“I told Tracy that I was teaching this class, and that we can have one team of students working with her on this series of stories,” Cetintemel said. “She liked the idea, and that’s how this got started.”

Data and stories

Triedman, a computer science and history concentrator, was one of the five CS for Social Change students who joined the project, working with 12 journalism students in Breton’s Reporting Crime and Justice class. The work involved easily spilled the banks of the semester-long classes. The team ended up working together for nearly two years. Triedman was one of several students who continued working on the project even after he graduated.

The datasets used in the project were often enormous and complex, he said. Data from the DEA, for example, detailed every step of every legal opioid transaction in the U.S. for over a decade — from importation of the opium poppy, to its processing in a pharmaceutical plant, to its sale in a local pharmacy. The dataset was hundreds of gigabytes in size with hundreds-of-millions of rows of information, Triedman said. 

“You can't load that onto any normal computer, let alone open it up in Excel and do the normal filtering you would want to do,” he said. “It takes some specialized skill to work on those datasets and to know which tools to use.”

By sifting through that DEA data, Triedman was able to uncover the outsize role that Coventry’s Rhodes companies played in distributing opioid products nationwide, as well as which pharmacies in Rhode Island were handling and selling the most opioid products.

Other datasets provided other insights. Judiciary data enabled students to see evolving trends in how the criminal justice system has treated narcotics cases over the past 30 years. Data from the Rhode Island Board of Medical Licensure and Discipline helped Li Goldstein, currently a Brown senior, to tell the story of Dr. Christopher Huntington, a Providence orthopedic surgeon who wrote illegal prescriptions for thousands of opioid pills before committing suicide in 2013. 

Breton said she was careful to make sure the students were making good use of data, but not neglecting the human side of the story.

“I wanted [the stories] to be data-driven, but I also know that readers can have their eyes glaze over if all we're looking at is numbers and charts and graphs,” she said. So she instructed students to include “faces in the story that help explain what the numbers are showing.”

For a story that mapped out three years of overdose deaths in Providence, student reporters Olivia George, Marina Hunt and Colleen Cronin crisscrossed the city to talk to people whose lives had been touched by the epidemic.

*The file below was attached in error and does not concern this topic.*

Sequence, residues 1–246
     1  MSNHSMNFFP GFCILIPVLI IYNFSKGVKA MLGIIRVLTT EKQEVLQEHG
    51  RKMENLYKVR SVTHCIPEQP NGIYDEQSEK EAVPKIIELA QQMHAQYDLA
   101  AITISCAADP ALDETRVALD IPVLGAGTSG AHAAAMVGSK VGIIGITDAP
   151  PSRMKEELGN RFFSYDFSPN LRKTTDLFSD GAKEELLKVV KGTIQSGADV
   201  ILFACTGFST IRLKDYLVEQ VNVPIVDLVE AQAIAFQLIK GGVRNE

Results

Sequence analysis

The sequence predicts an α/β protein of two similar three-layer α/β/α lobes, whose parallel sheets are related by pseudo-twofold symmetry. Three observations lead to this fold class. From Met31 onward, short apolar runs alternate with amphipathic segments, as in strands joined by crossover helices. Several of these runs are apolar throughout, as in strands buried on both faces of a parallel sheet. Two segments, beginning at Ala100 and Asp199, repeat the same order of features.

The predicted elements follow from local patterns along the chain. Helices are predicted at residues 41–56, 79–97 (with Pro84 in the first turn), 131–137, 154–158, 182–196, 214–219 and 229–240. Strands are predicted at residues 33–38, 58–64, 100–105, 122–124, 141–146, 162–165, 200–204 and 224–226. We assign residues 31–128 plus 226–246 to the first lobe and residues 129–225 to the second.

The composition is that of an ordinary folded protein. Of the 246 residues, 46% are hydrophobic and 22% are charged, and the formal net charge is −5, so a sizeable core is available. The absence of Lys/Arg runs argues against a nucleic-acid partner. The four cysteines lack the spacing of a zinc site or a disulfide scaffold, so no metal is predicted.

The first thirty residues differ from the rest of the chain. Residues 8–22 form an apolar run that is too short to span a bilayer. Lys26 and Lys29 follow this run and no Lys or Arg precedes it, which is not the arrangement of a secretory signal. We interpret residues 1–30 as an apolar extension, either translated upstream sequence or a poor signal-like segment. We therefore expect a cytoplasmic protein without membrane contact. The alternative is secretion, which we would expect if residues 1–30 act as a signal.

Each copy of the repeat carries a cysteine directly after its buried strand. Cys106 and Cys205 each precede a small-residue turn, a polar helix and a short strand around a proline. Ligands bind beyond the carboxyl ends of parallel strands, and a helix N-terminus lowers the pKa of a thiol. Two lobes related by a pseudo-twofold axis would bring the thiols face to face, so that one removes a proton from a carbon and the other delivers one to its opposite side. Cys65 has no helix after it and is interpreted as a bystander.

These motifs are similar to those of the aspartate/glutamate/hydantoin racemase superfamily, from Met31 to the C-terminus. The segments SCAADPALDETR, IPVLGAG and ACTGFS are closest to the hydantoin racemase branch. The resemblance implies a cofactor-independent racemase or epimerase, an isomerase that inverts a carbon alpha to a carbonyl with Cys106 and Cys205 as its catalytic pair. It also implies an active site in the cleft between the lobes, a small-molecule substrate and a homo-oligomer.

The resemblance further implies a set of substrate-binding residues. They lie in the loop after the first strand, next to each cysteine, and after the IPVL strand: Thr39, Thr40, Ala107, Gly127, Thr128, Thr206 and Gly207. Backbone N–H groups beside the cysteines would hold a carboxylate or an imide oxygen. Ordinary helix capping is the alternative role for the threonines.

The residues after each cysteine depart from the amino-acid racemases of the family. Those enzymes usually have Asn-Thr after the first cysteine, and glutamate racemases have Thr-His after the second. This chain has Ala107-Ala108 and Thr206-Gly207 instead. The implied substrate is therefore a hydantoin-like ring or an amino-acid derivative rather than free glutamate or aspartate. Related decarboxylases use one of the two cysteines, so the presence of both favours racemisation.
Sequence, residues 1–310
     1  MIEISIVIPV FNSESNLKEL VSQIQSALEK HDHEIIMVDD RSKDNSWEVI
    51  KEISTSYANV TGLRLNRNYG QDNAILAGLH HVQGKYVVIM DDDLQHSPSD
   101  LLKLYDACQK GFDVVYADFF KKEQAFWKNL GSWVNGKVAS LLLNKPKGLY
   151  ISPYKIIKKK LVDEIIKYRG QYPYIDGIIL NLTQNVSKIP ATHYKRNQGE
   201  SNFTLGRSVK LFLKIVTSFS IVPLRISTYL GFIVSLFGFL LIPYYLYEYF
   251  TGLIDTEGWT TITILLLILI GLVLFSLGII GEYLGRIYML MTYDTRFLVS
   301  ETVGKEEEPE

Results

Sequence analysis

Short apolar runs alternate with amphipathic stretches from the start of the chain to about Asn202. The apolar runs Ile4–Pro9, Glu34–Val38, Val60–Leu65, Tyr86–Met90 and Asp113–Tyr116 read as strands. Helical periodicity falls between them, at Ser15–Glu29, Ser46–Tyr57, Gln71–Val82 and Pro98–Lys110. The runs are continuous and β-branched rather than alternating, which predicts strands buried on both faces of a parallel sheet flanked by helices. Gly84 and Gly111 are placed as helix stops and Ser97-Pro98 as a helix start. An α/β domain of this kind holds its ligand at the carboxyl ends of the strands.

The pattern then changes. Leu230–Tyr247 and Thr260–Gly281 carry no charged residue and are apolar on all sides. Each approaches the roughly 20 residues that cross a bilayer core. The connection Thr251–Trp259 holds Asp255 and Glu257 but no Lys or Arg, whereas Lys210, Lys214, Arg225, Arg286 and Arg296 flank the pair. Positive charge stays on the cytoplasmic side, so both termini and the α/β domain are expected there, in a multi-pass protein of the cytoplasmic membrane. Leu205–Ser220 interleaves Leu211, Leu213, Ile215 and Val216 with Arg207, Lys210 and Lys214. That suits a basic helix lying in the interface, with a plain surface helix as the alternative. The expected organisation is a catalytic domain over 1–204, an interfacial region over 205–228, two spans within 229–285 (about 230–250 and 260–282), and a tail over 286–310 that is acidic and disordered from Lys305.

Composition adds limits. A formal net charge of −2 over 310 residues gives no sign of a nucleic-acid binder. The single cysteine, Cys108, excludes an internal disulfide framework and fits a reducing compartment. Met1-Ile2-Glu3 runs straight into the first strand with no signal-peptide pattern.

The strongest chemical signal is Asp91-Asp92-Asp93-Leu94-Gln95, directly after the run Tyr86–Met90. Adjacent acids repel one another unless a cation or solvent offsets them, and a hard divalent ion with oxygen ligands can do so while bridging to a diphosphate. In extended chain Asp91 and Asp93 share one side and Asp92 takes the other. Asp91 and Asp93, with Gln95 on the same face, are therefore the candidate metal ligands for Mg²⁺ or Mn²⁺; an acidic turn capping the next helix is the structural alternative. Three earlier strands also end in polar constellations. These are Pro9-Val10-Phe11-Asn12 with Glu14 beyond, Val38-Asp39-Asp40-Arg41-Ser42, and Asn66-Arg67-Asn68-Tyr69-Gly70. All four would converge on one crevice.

“Mapping the locations of fatal overdoses in the city was both helpful and overwhelming in that it provided us with a striking visualization of the persisting scale of this public health crisis,” said George, who is currently a senior. “But in this work we can never lose sight of the fact that each number, each statistic represents a human being, a community member. I did not want us to simply reduce someone to a pin on a map.”

George said that speaking to individuals who have been impacted by the epidemic was a deeply moving experience for her personally.

“What a gift it is to be present with people. I hope that our reporting, even in some small way, speaks to the sense of gratitude that we have for all those who shared their time, energy, experiences and expertise with us," she said.

A formative experience

Triedman considers his opioid reporting work to be the capstone experience of his time at Brown. 

“I think that this project took some of the researching and digging instincts that I had developed over my time as a history concentrator and combined them in a really interesting synthesis with the quantitative and user design-skills that I had acquired over the course of my time as a CS concentrator,” he said. “It provided this amazing fusion of those two disciplines that really rewarded both areas of expertise.”

Triedman is currently working as a programmer for the Wikimedia Foundation and says he hopes to continue doing journalistic work in the future.

I hope that our reporting, even in some small way, speaks to the sense of gratitude that we have for all those who shared their time, energy, experiences and expertise with us.

Olivia George
Photo of Olivia George

The project had a major impact on George as well. Last summer, she was a reporting intern at the Virginian-Pilot, a daily newspaper in Norfolk, Virginia. She says her work with Breton made that internship possible and helped provide direction for her career moving forward. 

“Working with Professor Breton, especially on this project, has really solidified in my mind the importance of local reporting,” George said. “I have become rather married to the idea, not only of being a journalist, but really wanting to cover a community in which I live.”

Breton sees projects like this one as a model for local investigative reporting. 

“With all of the downsizing and layoffs at newspapers around the country, I do think that the future of local investigative reporting lies largely in the hands of seasoned reporters who are willing to teach and work with advanced journalism students at our colleges and universities,” Breton said.

She said she plans to continue combining data science expertise with journalism to tell stories that are important to Providence and the Rhode Island community.  

“The truth is very hard to find and matters now more than ever. We need to continue to dig deep — with on the ground interviews, public records research and data science — to tell the untold stories that need to be told.”